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Science Educators Strike It Rich

Awards: Million-dollar grants go to 20 U.S. scholars, including four in California.


Sometimes, Manuel Ares might say from his own unhappy experience, scientific study can be a little too exciting.

Eight months ago, an overnight fire of unknown origin swept through Ares' laboratory at UC Santa Cruz, destroying strains of genetic material and data the biology professor had accumulated and studied for 14 years.

The loss devastated Ares and his research team, whose work in genetic function within cells is related to the Human Genome Project, the national effort to map the genes in human DNA.

On Tuesday, the biology professor, his work largely back on track, got exciting news of a more positive nature: He is among 20 U.S. scholars announced as winners of $1-million awards aimed at making science more engaging for undergraduate students.

"It's been an amazing year," Ares said, chuckling a little, after the announcement of his award and others by the Howard Hughes Medical Institute, a nonprofit medical research organization based in Maryland. "After what we went through, it's very nice to enjoy the good things like this."

Ares was one of four California scientists to win. Two winners work at UCLA and one is at Stanford.

The Hughes institute has a long history of supporting science education at U.S. colleges and universities, awarding nearly $500 million to that end during the last 10 years. But it had never before given individual awards for undergraduate teaching.

Thomas Cech, a Nobel Prize-winning biochemist who heads the institute, said its aim is to help overcome a staleness that has crept into science education nationwide, despite the quickening pace of scientific discovery.

"Science has become very much a big lecture course topic and it's lost touch with the way scientists really operate--by bouncing around exciting ideas in small groups and thinking of ways to contest them," Cech said. "We want to recapture that excitement."

Announcement of the awards comes just a week after the release of a report by the National Research Council urging universities to overhaul their undergraduate biology teaching.

One of the authors of that report applauded the new awards Tuesday. "The transformation we need will only occur through grass-roots efforts like this," said Stanford neurobiology professor Lubert Stryer.

The award winners were nominated by their universities and asked to submit extensive proposals to the institute. About 150 were nominated, Cech said.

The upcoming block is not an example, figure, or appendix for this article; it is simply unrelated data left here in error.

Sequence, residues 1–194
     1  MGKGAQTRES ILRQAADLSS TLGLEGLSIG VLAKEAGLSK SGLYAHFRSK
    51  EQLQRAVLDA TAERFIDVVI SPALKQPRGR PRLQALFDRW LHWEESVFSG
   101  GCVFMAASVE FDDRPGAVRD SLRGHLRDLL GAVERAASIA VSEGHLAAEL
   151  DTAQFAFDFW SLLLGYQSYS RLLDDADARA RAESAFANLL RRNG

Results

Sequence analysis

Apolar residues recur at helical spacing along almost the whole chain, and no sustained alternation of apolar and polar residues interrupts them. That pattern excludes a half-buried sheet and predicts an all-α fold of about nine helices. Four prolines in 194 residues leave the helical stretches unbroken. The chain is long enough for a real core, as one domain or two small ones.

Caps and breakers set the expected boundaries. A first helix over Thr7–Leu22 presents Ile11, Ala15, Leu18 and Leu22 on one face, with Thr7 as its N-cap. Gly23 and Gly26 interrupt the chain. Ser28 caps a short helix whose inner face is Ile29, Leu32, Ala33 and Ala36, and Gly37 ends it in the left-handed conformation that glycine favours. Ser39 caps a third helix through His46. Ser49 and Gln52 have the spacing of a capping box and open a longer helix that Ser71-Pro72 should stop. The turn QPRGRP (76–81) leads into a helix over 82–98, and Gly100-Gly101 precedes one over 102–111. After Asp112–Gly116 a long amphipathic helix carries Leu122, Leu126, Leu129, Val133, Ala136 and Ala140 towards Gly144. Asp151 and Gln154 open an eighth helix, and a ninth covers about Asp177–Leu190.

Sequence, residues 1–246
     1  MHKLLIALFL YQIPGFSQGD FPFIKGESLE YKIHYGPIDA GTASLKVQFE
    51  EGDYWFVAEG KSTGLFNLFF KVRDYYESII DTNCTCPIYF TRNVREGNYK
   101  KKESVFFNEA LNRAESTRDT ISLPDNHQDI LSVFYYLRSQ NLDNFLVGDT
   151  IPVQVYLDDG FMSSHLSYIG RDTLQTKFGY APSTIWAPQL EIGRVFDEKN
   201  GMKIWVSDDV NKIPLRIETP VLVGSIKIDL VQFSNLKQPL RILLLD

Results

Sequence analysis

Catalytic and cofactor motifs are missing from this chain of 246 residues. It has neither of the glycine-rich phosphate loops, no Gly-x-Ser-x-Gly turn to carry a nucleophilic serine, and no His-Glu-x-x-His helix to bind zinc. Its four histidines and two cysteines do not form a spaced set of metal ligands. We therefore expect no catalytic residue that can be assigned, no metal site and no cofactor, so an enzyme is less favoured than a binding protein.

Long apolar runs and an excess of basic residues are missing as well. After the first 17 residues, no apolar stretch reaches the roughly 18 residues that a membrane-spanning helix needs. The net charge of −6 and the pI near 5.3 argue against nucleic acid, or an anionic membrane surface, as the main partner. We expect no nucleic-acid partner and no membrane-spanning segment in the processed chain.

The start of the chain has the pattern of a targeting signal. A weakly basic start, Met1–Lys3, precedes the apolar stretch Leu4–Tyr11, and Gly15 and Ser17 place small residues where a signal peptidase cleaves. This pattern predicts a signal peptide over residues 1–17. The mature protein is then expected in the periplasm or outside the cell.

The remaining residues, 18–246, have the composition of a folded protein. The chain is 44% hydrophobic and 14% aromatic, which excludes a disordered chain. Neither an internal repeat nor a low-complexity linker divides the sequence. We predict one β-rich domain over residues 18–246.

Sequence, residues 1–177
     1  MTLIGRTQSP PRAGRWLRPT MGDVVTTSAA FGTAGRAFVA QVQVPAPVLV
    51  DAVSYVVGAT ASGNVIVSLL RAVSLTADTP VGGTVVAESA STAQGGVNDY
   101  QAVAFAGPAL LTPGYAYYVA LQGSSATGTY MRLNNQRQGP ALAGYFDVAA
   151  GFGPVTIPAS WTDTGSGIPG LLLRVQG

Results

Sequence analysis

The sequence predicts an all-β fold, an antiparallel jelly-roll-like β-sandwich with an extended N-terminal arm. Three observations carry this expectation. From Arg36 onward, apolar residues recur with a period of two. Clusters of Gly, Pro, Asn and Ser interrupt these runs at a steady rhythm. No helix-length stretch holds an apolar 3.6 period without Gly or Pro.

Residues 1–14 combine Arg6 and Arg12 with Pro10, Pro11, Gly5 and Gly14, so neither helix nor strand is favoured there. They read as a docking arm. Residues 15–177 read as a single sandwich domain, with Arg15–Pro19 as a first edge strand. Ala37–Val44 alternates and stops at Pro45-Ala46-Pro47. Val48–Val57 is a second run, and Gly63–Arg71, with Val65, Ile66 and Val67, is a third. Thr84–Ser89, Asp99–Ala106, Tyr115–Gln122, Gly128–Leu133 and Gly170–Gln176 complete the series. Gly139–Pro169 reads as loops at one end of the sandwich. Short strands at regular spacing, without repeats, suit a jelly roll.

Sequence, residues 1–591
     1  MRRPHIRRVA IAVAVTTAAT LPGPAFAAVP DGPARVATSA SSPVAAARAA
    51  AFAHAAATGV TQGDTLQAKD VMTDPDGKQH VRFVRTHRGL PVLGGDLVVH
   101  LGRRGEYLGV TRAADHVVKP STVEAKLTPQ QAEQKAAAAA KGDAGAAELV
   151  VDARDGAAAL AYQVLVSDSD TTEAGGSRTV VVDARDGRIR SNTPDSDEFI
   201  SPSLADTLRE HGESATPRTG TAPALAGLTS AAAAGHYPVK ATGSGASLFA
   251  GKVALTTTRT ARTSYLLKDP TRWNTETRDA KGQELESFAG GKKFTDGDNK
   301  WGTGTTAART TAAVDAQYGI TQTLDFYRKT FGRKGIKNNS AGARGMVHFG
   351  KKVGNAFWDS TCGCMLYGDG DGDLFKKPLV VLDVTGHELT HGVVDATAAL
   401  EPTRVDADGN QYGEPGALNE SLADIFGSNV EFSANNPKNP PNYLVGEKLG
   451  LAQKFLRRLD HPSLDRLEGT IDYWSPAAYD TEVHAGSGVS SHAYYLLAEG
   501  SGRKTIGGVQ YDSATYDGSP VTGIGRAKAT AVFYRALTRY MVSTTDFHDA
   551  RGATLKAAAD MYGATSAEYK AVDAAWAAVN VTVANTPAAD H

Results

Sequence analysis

All of the winners, he said, are gifted professors who exhibit a talent for teaching and research. "Their lectures tend to be a lot of fun," Cech said.

The winners at UCLA were Robert Goldberg, a biology professor whose research focuses on seeds, and colleague Utpal Banerjee, who uses fruit flies to study the nature of cell communication. Both men came from the department of molecular, cell and developmental biology.

"We're just absolutely delighted," said Fred Eiserling, UCLA's dean of life sciences. "For one institution to get two of these awards, we hope, will help dispel the idea that a big public university can't have outstanding teaching."

Goldberg, a 27-year veteran of the UCLA faculty, will focus partly on non-science majors, bringing them into the lab to learn how to make seeds from genetic raw material.

"They'll learn how to make these seeds, look at all the genes involved in how seeds grow and develop," he said.

His aim, he said, is to help these undergraduates understand how science affects them.

"If people aren't educated about this, how can they make informed decisions?" he asked.

Banerjee, now the department chair, has been at UCLA since 1988. Both he and Goldberg have won teaching awards at the university, as well as awards given by UCLA alumni for excellence in teaching, research and service.

Banerjee's project involves bringing undergraduates into his lab in relatively large numbers, about 100 each year, to study the eyes and blood of mutant fruit flies.

"So many bright students never find out what research is all about until just before they graduate," he said. "The research is so exciting, it tends to transform them."

Stanford's winner, Timothy Stearns, is an associate professor of biological sciences, studying how cells divide. Stearns was traveling in Europe when the awards were announced Tuesday.

Colleagues described him as a gifted teacher--and musician--who hopes to target students interested in science and technology who may have been turned off by the typical pre-med focus in many biology departments.

At UC Santa Cruz, Ares says he will focus on a project that will allow undergraduates to use advanced instruments not typically available to them, including one involved in genetic splicing. He intends to bring students together in an interdisciplinary research team.

"It'll be a lot of fun," he said.

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